Some years ago, I wrote a short essay (actually, a series of short to mid-length essays) on the basics of magick that was actually, in retrospect, quite fucking terrible. But people liked it to the degree that to this day I can't pull it off the internet; I still get occasional emails about what I wrote back then, and still marvel at how it seems to have encouraged some people.
Being that I can now express the ideas behind some of the subjects better, and have even more experience in the matters, I've decided to begin the entire process again.
These essays won't make you a magician; but they hopefully will give a series of ideas on the employ of magick, how to “make it work,” and a few tricks to even the odds in the game of life. Being that we mostly begin the game blind-folded and groping, having only the ideas of our peers behind which to try and glimpse the “rules” (which are, as certain Pirates might tell you, more like guide-lines) it seems to me that magick can be like learning to peak out from under the blindfold occasionally to glimpse the rolls of those around you and perhaps find a better handle for the game you're playing.
These essays will cover discussions on the astral plane, spirits and their employ, sigilization techniques and free-form sorcerous technique. Very little, as before, will be said on morals and moral dilemmas stemming from the “karma crisis” that inhabits Neo-Paganism except in the later section on “chains of consequence.”
That said, I might as well address why I don't have much to say about “Karma” and “magick.” The current status of the Neo-Pagan community and it's means to impart (or really, force) moral reflection on beginners to the path is a disservice to most beginners. Worrying about “Karmic feedback” unduly has caused all manner of ridiculousness, and along with it a belief that the universe will “reward” us if we are “good” boys and girls.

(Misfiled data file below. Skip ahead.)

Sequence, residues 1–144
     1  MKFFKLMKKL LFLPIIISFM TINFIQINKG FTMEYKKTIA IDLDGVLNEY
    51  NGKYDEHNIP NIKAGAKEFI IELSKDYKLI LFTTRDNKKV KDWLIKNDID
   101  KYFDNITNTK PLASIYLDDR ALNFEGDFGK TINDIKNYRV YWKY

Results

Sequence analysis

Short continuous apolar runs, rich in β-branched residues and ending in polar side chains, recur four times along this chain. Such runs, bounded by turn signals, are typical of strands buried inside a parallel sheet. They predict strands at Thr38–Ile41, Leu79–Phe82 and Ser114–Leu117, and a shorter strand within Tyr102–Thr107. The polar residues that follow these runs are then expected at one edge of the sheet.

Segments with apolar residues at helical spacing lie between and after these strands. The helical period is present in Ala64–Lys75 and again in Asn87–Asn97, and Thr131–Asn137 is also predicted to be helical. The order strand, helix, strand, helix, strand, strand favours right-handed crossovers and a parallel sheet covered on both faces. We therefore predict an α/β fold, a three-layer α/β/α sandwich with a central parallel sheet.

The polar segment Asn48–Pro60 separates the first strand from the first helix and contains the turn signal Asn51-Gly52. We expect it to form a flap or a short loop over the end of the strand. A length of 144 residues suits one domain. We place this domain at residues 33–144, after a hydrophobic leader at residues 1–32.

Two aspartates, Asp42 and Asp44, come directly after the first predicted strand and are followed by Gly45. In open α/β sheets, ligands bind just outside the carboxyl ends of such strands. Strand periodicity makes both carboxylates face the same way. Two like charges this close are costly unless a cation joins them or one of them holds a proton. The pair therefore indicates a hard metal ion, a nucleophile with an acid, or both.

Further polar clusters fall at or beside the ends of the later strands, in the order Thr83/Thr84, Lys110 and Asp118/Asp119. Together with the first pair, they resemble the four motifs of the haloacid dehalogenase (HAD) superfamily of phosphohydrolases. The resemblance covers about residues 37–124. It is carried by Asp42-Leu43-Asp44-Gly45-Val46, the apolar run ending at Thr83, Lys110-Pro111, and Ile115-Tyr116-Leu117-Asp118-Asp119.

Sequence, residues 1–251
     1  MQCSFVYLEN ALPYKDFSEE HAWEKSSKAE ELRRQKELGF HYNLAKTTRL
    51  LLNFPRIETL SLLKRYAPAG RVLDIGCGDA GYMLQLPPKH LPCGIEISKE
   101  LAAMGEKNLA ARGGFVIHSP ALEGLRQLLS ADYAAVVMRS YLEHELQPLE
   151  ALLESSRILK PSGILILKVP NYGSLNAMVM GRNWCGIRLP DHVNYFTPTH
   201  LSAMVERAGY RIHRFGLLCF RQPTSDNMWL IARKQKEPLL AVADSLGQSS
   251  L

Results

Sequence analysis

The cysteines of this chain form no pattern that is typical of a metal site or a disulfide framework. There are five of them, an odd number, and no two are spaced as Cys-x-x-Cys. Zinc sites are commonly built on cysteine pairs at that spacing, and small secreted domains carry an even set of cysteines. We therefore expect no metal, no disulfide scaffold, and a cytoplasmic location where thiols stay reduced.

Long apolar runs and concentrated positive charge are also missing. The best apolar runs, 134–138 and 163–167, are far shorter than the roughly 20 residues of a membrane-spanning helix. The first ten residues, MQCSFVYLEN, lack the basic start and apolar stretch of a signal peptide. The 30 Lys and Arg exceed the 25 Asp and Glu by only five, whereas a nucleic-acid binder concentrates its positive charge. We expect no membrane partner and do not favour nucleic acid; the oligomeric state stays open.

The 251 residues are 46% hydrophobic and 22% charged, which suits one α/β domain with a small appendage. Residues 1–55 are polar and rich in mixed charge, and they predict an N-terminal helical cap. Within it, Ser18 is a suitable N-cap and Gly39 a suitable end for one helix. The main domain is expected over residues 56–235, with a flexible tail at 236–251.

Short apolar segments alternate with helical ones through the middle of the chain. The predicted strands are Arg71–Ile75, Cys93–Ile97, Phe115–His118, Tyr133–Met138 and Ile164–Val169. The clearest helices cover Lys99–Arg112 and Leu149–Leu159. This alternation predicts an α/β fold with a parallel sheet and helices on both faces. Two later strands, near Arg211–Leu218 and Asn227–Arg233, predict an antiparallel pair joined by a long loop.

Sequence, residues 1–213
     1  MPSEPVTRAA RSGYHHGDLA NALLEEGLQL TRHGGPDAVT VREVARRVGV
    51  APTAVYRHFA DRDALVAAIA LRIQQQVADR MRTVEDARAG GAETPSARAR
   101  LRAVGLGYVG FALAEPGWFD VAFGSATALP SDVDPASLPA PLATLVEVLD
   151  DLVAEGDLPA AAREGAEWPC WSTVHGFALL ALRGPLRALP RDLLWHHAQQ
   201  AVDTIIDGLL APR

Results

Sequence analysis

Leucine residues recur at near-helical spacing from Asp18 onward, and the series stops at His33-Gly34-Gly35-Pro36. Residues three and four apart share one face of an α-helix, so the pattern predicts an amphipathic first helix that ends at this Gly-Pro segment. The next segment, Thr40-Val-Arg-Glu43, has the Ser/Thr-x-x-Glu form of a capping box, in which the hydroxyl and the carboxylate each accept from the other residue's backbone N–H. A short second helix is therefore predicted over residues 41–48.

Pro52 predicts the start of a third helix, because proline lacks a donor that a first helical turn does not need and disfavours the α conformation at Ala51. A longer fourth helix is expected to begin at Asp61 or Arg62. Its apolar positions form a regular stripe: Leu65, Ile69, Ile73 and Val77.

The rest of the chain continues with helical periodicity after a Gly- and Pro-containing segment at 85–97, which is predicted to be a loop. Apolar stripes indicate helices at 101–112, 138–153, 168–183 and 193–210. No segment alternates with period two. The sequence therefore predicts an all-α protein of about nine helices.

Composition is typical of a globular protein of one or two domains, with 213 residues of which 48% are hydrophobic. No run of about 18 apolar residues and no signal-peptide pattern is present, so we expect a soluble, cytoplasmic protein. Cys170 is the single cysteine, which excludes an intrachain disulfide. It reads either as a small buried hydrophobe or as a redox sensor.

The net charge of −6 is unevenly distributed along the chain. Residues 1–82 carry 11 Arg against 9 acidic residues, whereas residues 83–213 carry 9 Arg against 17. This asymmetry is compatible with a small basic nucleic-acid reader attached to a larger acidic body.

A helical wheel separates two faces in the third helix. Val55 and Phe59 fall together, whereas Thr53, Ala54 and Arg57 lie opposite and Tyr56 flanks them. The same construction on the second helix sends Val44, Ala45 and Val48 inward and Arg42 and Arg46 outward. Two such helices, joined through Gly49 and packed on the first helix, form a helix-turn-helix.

“Good,” in this case, implying that we never desire anything for ourselves, never question boundaries or Elders (even if, perhaps, we should) and never take steps to fight for the things we love. This has led to what I call the Karma Crisis, whereupon the Three-Fold Law is assumed to govern all spiritual experience or the Gods sit up in the sky acting a bit like Santa Claus and making detailed notes about the current state of our lives. The magician is traditionally, and especially under the guise of the sorcerer, a dubious being who can either solve problems and cause all manner of wonder and miracles; or he can blight crops, kill with a look, turn friends into enemies and enemies into lovers. Into this domain in the realm of myth do we walk and it is up to every individual to make their own decisions and consider the ramifications of their actions—if any.